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The Heavy Wedge was made to create more stability in the swing. (Kim/PGA.com)

Five hot items from Thursday at the PGA Merchandise Day

Craig Dolch profiles five hot items that he came across on the first day of the 57th PGA Merchandise Show in Orlando, including some funky clothing from Loud Mouth.

By Craig Dolch, Special to PGA.com

Loudmouth Golf: Lately, professional golfers have been labeled for being too conservative with their fashion, even to the point where some players show up wearing the same outfit as someone else in their threesome.

That's not going to happen with Loudmouth Golf, a company that never met a color combination or style it couldn't match. The brighter and more radical, the better.

"Back in the 1960s and 1970s, golfers use to wear clothes like this," said Scott Woodworth, Loudmouth's founder. "Who can forget the checkerboard pants Johnny Miller and Hale Irwin used to wear? But golfers became too conservative in the '80s and '90s. This is our poke at that conservatism."

Loudmouth's star spokesman is John Daly, a two-time major champion. Another former PGA Tour winner, Robert Gamez, also gets a little loud with his fashion statement on the course.

In addition to the pants (retail of $95), Loudmouth also sells short shorts ($55) and skorts ($75) for women, neckties ($55), white belts ($45-$55), visors ($18) and divot tools ($17).

Sumi-G: Golfers spent hundreds of dollars on a new golf club, but very little when it comes to protecting their equipment. That's why Sumi-g's products deserve a second look.

Sumi-g has developed a golf club head cover that relies on a hinged technology that will protect the club and not force golfers to waste time struggling to put an ill-fitted cover back on the club. It’s design also allows golfers to easily slide the head cover (retail ranges from $28-$38) back on the club in one quick motion without having to bend over to pick it up.

Summi-g also has high-end belt buckles in either chrome or gunmetal that not only look stylish, but include a ball marker that easily slides off the top of the belt buckle. The buckles retail for $29.99, with the belt and the buckle costing $85.

Perfect Roll: We've all spent a rainy day working on our putting indoors. But rarely have we had a chance to change the speed on our indoor green.

Perfect Roll has changed that. The same company that brought Birdie Ball is offering a 2-foot-wide putting strip that golfers can alter the stimp reading – or the speed of the greens – by changing the surface. Golfers can putt on stimps that range from 7 to 14, depending upon the thickness of the strip. A thickness of one-eighth of an inch, for instance, translates to a stimp of 11, compared to a one-half-inch thickness for a 9 stimp.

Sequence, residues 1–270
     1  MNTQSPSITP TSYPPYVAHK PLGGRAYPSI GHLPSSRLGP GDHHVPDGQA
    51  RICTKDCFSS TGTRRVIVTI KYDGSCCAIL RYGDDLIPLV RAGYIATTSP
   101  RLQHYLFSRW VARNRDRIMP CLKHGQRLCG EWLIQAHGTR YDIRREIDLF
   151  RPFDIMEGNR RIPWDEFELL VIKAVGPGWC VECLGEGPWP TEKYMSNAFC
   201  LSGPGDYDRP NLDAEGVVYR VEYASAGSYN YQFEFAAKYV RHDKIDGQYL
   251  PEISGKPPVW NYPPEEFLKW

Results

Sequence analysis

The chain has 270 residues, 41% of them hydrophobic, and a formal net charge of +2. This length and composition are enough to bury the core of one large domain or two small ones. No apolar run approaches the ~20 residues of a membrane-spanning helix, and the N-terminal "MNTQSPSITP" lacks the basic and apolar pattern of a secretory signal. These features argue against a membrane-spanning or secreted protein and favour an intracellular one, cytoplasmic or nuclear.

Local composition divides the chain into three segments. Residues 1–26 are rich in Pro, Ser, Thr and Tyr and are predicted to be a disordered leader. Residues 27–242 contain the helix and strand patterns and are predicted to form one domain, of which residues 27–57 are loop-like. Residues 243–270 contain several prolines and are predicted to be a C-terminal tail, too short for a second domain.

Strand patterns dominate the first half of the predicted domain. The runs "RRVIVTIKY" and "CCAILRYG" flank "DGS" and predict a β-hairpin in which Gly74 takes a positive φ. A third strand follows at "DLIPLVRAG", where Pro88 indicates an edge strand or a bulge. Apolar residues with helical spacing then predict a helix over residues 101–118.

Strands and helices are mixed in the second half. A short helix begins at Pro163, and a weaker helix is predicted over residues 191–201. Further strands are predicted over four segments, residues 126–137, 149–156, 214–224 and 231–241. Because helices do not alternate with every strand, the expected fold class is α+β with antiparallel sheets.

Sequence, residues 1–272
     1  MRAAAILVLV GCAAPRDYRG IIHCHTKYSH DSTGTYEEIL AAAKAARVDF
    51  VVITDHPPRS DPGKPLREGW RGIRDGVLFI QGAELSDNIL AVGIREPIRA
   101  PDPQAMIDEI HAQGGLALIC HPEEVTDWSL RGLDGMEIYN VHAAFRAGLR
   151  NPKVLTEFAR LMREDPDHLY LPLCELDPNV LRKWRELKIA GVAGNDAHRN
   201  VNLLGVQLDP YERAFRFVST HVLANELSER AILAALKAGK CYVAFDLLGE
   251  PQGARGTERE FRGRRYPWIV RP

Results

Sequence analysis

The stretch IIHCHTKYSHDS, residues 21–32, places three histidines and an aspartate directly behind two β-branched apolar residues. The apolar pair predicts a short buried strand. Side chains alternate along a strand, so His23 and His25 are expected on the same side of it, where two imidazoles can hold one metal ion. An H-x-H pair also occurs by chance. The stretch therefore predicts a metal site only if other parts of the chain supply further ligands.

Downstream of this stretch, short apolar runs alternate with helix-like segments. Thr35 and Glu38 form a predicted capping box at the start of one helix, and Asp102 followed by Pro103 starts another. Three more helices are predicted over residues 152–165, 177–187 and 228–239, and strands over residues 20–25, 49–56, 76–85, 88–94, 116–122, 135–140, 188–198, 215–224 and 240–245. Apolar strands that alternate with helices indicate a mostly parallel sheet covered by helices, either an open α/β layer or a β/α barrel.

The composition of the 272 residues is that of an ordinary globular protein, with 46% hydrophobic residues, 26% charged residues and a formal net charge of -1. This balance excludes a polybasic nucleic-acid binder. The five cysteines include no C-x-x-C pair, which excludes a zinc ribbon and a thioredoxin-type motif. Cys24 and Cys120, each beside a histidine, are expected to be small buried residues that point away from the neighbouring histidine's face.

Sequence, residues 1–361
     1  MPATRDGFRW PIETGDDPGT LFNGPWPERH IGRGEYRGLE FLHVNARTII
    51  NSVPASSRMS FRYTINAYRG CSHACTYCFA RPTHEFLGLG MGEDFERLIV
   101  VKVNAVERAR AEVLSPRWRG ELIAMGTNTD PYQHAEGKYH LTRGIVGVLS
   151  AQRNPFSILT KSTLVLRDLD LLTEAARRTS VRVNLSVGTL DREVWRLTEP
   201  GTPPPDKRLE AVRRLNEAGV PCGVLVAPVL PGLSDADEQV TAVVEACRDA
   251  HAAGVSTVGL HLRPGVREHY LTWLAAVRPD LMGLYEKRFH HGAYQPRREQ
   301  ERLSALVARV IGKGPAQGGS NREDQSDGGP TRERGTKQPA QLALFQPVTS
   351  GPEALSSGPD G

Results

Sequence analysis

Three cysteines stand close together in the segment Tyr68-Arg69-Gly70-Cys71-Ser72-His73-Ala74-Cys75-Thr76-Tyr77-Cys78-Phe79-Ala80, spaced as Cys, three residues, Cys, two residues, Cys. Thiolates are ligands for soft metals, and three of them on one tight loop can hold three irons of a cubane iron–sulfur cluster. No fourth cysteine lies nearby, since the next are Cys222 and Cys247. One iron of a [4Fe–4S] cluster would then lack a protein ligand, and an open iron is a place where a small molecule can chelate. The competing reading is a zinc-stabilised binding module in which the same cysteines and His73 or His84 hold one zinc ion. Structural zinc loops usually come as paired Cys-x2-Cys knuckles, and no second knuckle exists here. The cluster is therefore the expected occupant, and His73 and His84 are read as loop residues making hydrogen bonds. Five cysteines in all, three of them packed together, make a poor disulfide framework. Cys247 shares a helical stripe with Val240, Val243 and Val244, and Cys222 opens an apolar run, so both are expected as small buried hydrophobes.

The putting strips retail from $4-$9 a square foot, depending on which stimp you're looking for.

Williams Sports Clubs: You want to really invest in your golf game? Then Williams Sports – which boasts one of the top Formula One racing teams – has got a set of clubs for you.

But they don't come cheap.

Using the same aerodynamics that enable cars to reach excess of 200-mph, Williams Sports has dipped into the golf market by unveiling three series of clubs. The top-of-the-line Black Diamond Series boasts a $50,000 price tag.

"We're not looking for high-skilled players. We're looking for high-income players," said Michael Lee of Williams Sports.

Lee said he's relying on the same engineers who build the Formula One cars to use their expertise to design clubs that are aerodynamically sound. To wit: They have a tiny lip at the top of the driver and two wings on the sole to produce less drag on the club, thus producing higher club speed.

"With our engineers," Lee said, "we can compete with any club company out there."

Heavy Wedge: Looking to continue its success of the Heavy Putter, Boccieri Golf has unveiled its new Heavy Wedge at this week's PGA Merchandise Show.

The same technology of adding weight to the top of the club is being used with the Heavy Wedge ($109.95).

"By adding weight to the top of the golf club, it adds more stability to the golf swing," said David Bock of Boccieri Golf. "It takes your hands out of the swing and enables you to use your larger muscles to create a more consistent result."

Bock points out that legend Jack Nicklaus used the same approach of counter-balancing his clubs throughout his career.

"I think it worked out pretty good for Jack," Bock said.

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